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Neurobiology of Fatigue and its Botanical Treatment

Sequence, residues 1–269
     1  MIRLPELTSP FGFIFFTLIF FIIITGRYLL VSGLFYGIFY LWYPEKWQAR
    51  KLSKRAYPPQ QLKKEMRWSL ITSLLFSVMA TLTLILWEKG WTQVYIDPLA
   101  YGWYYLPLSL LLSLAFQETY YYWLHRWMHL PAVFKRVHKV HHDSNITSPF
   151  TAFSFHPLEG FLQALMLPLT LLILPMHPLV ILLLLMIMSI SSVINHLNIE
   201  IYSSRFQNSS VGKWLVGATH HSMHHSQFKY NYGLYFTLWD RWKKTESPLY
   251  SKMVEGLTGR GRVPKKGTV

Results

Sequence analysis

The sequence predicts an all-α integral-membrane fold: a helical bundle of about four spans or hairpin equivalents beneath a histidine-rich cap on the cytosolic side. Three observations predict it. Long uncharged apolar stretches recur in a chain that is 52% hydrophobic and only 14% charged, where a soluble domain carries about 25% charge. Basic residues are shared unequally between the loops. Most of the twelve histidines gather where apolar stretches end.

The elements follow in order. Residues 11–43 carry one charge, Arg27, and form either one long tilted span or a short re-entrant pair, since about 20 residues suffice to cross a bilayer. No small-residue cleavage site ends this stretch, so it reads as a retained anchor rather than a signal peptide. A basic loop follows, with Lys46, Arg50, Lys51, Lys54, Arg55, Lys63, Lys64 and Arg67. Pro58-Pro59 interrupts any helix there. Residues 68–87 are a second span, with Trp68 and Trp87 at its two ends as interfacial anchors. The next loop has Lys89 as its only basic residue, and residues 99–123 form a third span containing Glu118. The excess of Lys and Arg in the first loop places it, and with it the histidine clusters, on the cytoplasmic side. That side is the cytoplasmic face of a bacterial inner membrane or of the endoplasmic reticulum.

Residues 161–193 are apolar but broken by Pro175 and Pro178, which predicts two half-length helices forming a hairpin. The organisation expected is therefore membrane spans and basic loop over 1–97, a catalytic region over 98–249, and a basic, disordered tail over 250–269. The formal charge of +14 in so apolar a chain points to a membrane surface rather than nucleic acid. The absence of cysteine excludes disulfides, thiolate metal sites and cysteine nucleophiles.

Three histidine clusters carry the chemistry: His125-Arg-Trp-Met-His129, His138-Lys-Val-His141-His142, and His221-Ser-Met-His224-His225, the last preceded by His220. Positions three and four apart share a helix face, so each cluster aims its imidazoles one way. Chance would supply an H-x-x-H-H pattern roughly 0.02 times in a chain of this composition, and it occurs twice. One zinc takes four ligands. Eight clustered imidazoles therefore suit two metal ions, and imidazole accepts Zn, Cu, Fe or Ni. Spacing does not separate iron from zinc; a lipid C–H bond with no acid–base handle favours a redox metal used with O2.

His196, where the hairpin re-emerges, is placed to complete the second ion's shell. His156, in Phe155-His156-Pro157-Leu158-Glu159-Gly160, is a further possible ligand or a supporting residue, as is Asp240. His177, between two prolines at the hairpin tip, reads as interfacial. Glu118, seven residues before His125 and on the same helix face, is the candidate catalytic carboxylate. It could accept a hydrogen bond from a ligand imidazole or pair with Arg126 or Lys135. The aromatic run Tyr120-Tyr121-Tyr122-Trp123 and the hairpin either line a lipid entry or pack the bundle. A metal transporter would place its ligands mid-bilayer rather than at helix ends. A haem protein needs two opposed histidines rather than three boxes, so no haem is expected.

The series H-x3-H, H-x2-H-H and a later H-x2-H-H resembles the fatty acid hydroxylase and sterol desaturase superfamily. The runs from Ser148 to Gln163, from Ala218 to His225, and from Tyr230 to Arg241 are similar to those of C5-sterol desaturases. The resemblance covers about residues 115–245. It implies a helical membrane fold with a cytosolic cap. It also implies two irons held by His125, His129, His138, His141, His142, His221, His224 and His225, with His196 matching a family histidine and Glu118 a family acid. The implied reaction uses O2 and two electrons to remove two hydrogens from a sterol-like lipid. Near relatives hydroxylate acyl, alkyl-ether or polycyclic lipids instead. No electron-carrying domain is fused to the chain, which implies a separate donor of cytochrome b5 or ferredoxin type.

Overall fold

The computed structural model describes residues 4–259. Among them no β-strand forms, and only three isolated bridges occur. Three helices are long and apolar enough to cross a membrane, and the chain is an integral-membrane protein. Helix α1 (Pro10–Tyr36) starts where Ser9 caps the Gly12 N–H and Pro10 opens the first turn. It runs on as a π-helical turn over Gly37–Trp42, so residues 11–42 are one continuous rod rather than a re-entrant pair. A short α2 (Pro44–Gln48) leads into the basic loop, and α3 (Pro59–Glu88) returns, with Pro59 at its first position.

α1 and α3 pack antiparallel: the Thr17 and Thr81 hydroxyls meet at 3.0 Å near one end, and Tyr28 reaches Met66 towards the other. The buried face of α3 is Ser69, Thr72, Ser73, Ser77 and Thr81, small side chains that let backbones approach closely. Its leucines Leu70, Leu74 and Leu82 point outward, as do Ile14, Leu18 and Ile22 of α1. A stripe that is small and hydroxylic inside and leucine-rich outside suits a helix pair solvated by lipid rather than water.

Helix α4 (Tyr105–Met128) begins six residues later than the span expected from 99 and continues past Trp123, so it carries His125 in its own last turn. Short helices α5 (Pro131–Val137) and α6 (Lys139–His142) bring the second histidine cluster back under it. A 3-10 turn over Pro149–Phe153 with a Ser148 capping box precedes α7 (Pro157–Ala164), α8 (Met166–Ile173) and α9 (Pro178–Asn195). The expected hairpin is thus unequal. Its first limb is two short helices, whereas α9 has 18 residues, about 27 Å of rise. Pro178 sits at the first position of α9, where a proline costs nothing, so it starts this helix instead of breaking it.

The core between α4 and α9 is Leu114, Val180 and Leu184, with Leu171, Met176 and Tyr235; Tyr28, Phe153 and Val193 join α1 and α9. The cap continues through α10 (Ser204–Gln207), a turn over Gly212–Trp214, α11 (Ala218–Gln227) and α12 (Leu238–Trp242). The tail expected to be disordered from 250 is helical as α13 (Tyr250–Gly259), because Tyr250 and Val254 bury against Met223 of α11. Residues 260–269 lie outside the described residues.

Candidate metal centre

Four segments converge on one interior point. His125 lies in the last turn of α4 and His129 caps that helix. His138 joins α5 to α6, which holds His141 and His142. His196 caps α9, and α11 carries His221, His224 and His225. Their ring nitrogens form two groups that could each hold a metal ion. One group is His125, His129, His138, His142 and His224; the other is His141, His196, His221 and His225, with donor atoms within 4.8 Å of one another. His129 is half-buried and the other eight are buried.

Chronic fatigue is a multifaceted illness and is considered to be the seventh most common symptom in primary healthcare. Biology of fatigue is one of the least understood conditions in the medical science. Fatigue is most often chronic and at times severe in intensity. Chronic fatigue, either by itself or associated with other diseases, reduces quality of life and negatively affects personal, occupational and social activities. Chronic fatigue often occurs in aging and in various neurological, psychiatric, and systemic diseases including in aging, Parkinson's disease, multiple sclerosis, ALS, cancer, depression, and HIV infection. There is no safe and proven modern drug for fatigue. The kani, a high altitude living tribe in southern India traditionally use seeds of Trichopus zeylanicus (TZ) to enhance energy and to combat fatigue. The effectiveness of TZ whole plant powder on fatigue in normal, aged, animal model of aging and Parkinson's disease fatigue animal model was investigated. TZ (250 and 500 mg/kg) treated young Sprague-Dawley rats resisted fatigue at a significant level (p < 0.005) compared to controls by extended swim time in forced swim test. Oral TZ (500 mg/kg) treatment for two weeks significantly increased the mobility time in the aged mutant (p < 0.05) and normal mice (p < 0.01) and significantly increased swim time in the forced swim test in the aged normal mice (p < 0.05). Amphetamine-mimetic activity in TZ was excluded by suitable studies. Further studies showed that TZ contains NADH, polyphenols and sulfhydryl compounds, which have the ability to scavenge reactive oxygen species suggesting that the antioxidant activity may be an important mechanism of action of TZ to combat fatigue. TZ also possess significant and DNA protecting properties. Thus, TZ has potential to be developed as a safe and effective anti-fatigue drug.